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HindustanTimes Wed,17 Sep 2014

Rude drivers, unnerving journeys

Nikita Sonavane and Sanjana Bhalerao, Hindustan Times  Mumbai, June 13, 2012
First Published: 01:28 IST(13/6/2012) | Last Updated: 01:30 IST(13/6/2012)

It may be safer to travel by autos and taxis in Mumbai compared to several other cities in the country, but it’s becoming a fairly uncomfortable experience, say women.

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Setting aside the fact that finding an auto or taxi driver willing to take you where you want to go is really tough, women complain that they are fed up with dealing with drivers who are rude and untrustworthy, who flaunt rules and try to fleece them.

While the Railways post security guards in compartments and the BEST is installing CCTVs, there is no monitoring authority when it comes to cabs and autos. This makes it easy for offenders to repeatedly trouble women, and tough for women to do something to change the situation.

“I once injured myself while trying to sit in an auto and the driver drove off as he didn’t want to take me where I wanted to go. Instead of apologising, he was defiant. I took up the matter with the union, but they have done nothing. They say they are unable to track him despite having his registration number,” said Manali Bhavsar, 23, a resident of Andheri (west).

“Many auto drivers keep leering at you through the rearview mirror. It is extremely annoying,” said Tanvi Rangenkar, 21, a student and resident of Mahim.

The problem is worse at night, complain women commuters. “I took an auto home from Bandra. When the driver started speeding, blasting loud music and singing along, I told him to slow down, but he didn’t bother. Finally I got off mid-way, paid and left,” said a 21-year-old who works with the media, not wishing to be identified.

Taxi drivers are no better. “I took a cab from Marine lines to Colaba. I usually pay Rs. 35 to Rs. 40, but the driver asked me to pay Rs. 75. When I asked  him to get his meter checked, he started yelling and getting abusive,” said Taab Arshad, 20, a resident of Byculla.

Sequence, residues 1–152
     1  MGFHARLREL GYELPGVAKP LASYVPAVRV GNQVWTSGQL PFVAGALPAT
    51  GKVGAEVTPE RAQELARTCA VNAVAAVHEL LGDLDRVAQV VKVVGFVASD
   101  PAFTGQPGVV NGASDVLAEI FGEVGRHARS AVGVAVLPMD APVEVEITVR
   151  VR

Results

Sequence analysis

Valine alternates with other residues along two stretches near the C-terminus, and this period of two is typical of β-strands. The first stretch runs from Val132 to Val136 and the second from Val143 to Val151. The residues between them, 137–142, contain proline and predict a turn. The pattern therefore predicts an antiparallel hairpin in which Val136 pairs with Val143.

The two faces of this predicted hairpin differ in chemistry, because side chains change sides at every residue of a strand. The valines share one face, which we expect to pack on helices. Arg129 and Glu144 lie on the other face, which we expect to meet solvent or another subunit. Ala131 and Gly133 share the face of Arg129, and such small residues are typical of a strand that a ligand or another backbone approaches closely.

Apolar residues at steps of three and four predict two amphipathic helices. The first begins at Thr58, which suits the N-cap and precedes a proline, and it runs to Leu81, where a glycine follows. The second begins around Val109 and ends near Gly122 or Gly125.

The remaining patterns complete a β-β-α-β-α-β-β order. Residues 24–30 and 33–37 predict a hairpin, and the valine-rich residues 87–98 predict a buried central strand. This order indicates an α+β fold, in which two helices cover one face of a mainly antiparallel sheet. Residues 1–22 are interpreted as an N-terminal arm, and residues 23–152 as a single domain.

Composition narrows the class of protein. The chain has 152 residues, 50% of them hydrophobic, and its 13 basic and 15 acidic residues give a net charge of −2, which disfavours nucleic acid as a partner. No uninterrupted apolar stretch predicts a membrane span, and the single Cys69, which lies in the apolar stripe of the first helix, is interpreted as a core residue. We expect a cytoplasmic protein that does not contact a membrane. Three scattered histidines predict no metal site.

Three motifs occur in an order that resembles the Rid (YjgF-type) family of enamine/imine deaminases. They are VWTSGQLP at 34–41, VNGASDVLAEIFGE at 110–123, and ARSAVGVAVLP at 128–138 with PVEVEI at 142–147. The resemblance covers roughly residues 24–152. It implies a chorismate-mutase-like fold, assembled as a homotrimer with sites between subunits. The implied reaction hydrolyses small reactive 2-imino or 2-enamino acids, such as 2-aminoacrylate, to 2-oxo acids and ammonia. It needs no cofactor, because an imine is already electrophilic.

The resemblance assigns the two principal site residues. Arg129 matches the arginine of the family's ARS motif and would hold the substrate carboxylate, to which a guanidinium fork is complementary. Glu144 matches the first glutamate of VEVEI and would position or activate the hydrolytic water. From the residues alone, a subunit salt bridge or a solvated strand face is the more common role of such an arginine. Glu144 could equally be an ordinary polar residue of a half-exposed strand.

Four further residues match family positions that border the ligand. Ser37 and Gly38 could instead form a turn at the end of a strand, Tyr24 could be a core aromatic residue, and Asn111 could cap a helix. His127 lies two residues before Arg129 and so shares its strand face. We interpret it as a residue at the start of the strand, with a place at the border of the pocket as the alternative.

Sharad Rao, leader of the Mumbai Autorickshawmen’s Union, said: “Show me the number of written complaints. I have not received a single complaint in writing. I am not saying that such incidents don’t take place, but they are negligible.”

Past incidents:
January 5, 2012: A 20-year-old girl was allegedly harassed by a taxi driver who passed lewd comments at her after she got off the cab outside her college in south Mumbai. The victim took a cab from Grant Road station at around 9.15 am. She got off and paid the driver, Israr Ahmed Ali Khan, 35, a resident of Tardeo. The victim said that the driver made ‘unspeakable’ lewd comments at her.

October 1, 2011: Girija Devi Upadhyay, 65, along with her daughter and daughter-in-law, were allegedly manhandled by an autorickshaw driver in Vikhroli. The three had approached the autorickshaw driver but he refused to ply, leading to an argument. Another auto driver then joined in. Upadhyay’s son, Subhash, intervened and the argument turned violent. In the melee, the three women were also allegedly hurt, while Subhash was attacked with an iron rod.


‘A dangerous ride home in speeding auto late at night’

Last December, after being conned by an auto driver on a secluded road in Delhi, I found myself bragging about the safety of public transport in Mumbai to my friend.

Two months later, I got a rude shock when an auto driver behaved really badly. It was around 11.30pm and I got into an auto at Kanjurmarg station to get home. He started off at average speed but no sooner did we cross the signal at Gandhinagar junction, where a traffic policeman is usually stationed, that he started driving at breakneck speed.

I asked him to slow down, but he ignored me. I threatened to report him to the police, but he refused to take me seriously and said: “You do what you want.”

He also kept singing songs and taunting me. I was not sure I would get another auto at that time there, so I did not dare to ask him to stop and let go of the auto.

I also did not have any helpline number with me to complain.

The driver refused to drop me to my building, saying that the lane leading up to it was too narrow. I was forced to pay him the fare and walk the remaining distance.

Last December, after being conned by an auto driver on a secluded road in Delhi, I found myself bragging about the safety of public transport in Mumbai to my friend.

Two months later, I got a rude shock when an auto driver behaved really badly. It was around 11.30pm and I got into an auto at Kanjurmarg station to get home. He started off at average speed but no sooner did we cross the signal at Gandhinagar junction, where a traffic policeman is usually stationed, that he started driving at breakneck speed.

I asked him to slow down, but he ignored me. I threatened to report him to the police, but he refused to take me seriously and said: “You do what you want.”

He also kept singing songs and taunting me. I was not sure I would get another auto at that time there, so I did not dare to ask him to stop and let go of the auto.

I also did not have any helpline number with me to complain.

The driver refused to drop me to my building, saying that the lane leading up to it was too narrow. I was forced to pay him the fare and walk the remaining distance.


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